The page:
We’ve all been there. You’re sitting at the dentist’s office following an exam and you hear the dreaded words: you have a dental cavity. Sure, it’s been a while since your last dental exam. And maybe you haven’t been overly devoted to flossing. But a cavity?!

You’re not alone. Most people know enough about dental cavities to understand how to prevent them and how they develop. We all know that good at-home oral hygiene in addition to regular visits to the dentist are the best ways to keep dental cavities at bay. But, even if you practice perfect at-home oral hygiene, there are some risk factors that can make you more vulnerable to developing cavities.

Today we’re exploring common risk factors for developing dental cavities and what you need to know to protect your teeth for years to come.

Common Risk Factors For Developing Dental Cavities

Let’s be clear: everyone who has teeth is at risk of getting a dental cavity. But some people run a higher risk for dental decay than others. If you’re included in the following categories, having a good oral hygiene routine may not be enough to prevent dental cavities. Talk to your dentist about the best way to prevent dental decay and protect your smile.


Our genes play a huge role in our overall health. But did you know that genetics also impact your dental health? Some people are more likely to have a higher number of harmful bacteria in their mouths, which will put them at a higher risk of developing cavities and tooth decay. Expensive genetic testing isn’t always needed to determine your risk. If your parents or siblings were more prone to dental decay, chances are that your genes are predisposed to dental issues.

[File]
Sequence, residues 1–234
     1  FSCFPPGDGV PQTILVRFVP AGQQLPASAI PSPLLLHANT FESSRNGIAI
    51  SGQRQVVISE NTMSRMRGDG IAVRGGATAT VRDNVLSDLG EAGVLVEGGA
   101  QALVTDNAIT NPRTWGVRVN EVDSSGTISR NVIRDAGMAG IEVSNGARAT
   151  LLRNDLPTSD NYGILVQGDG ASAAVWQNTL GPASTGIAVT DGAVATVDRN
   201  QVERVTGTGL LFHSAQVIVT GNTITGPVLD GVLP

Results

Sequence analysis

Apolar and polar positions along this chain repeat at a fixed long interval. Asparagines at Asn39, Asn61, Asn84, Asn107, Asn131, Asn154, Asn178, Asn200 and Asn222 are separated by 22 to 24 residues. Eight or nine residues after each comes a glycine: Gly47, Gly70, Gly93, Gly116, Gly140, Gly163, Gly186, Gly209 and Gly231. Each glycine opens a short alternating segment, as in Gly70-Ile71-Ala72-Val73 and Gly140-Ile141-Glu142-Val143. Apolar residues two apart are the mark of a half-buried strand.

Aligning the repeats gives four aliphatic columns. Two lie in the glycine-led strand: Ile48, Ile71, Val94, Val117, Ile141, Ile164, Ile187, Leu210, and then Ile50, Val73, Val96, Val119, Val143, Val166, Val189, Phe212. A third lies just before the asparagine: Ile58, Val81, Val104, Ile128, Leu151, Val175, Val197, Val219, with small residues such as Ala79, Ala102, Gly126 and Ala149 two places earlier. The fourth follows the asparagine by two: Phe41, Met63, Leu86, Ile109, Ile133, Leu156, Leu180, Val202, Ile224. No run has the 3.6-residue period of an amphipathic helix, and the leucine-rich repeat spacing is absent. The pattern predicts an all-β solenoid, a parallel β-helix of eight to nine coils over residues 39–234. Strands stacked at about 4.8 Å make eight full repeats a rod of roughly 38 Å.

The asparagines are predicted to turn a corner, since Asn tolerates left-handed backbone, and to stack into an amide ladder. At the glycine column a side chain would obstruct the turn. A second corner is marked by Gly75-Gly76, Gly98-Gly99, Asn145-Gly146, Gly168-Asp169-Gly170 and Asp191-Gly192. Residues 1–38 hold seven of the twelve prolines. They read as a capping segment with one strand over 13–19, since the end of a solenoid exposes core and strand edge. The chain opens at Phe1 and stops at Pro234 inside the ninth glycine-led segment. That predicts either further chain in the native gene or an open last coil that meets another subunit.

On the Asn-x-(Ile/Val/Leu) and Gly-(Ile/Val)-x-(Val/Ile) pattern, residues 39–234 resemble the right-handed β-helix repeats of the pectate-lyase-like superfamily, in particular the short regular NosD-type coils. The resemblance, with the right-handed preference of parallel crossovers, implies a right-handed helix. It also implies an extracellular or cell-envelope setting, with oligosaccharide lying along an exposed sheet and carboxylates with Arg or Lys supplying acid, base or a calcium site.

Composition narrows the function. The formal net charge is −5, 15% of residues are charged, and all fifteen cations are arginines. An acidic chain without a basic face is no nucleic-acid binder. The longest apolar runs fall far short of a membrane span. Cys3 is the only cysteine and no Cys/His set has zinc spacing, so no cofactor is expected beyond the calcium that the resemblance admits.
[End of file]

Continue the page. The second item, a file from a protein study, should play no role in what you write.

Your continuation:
Tobacco Use

Using tobacco such as cigarettes and chewing tobacco are bad for your physical health as well as your dental health. The use of these products will cause teeth to become yellowed and discolored and will break down the tooth enamel, making you more vulnerable to dental cavities and tooth decay. And don’t believe the lie that vaping or using e-cigarettes is much better for your dental health. The nicotine in vaping products can damage your teeth, too.

Drug and Alcohol Use

Drugs such as methamphetamine or other hard drugs are known for causing tooth rot and other dangerous physical problems. Additionally, the acidic nature of alcohol will eat away at tooth enamel and can cause dry mouth. Limit your drug and alcohol use to protect your overall health as well as your dental health.

Eating Disorders

Disordered eating can damage the teeth in different ways. For example, bulimia damages the tooth enamel by constantly exposing the teeth to harmful stomach acid during purging. Anorexia damages the teeth and body by depriving you of nutrients that help keep the body and teeth strong. The lack of calcium and phosphorus can be especially damaging to the teeth. If you struggle with disordered eating, please reach out to your primary care physician right away.

Keeping up with regular oral hygiene –– including brushing and flossing your teeth at least twice per day –– and regularly visiting your dentist for cleanings and exams is the best way to prevent dental decay regardless of your risk factors. Prevention is key when it comes to dental decay. Allowing a dental cavity to go untreated could lead to an infection, which may require root canal therapy or even the loss of the tooth.

Here at Endodontic Specialists of Colorado, our team of specialists do our very best to help our patients keep their natural teeth and restore their smiles. We specialize in making endodontic treatments as comfortable as possible. To learn how we can help relieve your pain, contact us today to schedule an evaluation.